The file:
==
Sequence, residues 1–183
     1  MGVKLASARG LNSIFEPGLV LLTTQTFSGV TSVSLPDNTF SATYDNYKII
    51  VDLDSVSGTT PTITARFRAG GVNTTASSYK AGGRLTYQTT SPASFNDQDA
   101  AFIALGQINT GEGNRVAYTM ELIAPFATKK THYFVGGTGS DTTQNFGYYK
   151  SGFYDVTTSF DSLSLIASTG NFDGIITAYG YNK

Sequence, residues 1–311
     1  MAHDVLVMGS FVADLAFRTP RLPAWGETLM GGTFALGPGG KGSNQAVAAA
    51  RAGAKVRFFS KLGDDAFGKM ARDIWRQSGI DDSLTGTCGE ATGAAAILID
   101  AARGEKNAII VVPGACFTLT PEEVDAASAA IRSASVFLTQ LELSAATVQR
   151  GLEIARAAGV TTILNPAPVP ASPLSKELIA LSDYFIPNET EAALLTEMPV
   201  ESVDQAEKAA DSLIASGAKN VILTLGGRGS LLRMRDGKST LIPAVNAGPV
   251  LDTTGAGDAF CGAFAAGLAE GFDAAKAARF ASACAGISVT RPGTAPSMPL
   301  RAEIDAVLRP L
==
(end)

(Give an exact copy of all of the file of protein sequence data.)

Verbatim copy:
Sequence, residues 1–183
     1  MGVKLASARG LNSIFEPGLV LLTTQTFSGV TSVSLPDNTF SATYDNYKII
    51  VDLDSVSGTT PTITARFRAG GVNTTASSYK AGGRLTYQTT SPASFNDQDA
   101  AFIALGQINT GEGNRVAYTM ELIAPFATKK THYFVGGTGS DTTQNFGYYK
   151  SGFYDVTTSF DSLSLIASTG NFDGIITAYG YNK

Sequence, residues 1–311
     1  MAHDVLVMGS FVADLAFRTP RLPAWGETLM GGTFALGPGG KGSNQAVAAA
    51  RAGAKVRFFS KLGDDAFGKM ARDIWRQSGI DDSLTGTCGE ATGAAAILID
   101  AARGEKNAII VVPGACFTLT PEEVDAASAA IRSASVFLTQ LELSAATVQR
   151  GLEIARAAGV TTILNPAPVP ASPLSKELIA LSDYFIPNET EAALLTEMPV
   201  ESVDQAEKAA DSLIASGAKN VILTLGGRGS LLRMRDGKST LIPAVNAGPV
   251  LDTTGAGDAF CGAFAAGLAE GFDAAKAARF ASACAGISVT RPGTAPSMPL
   301  RAEIDAVLRP L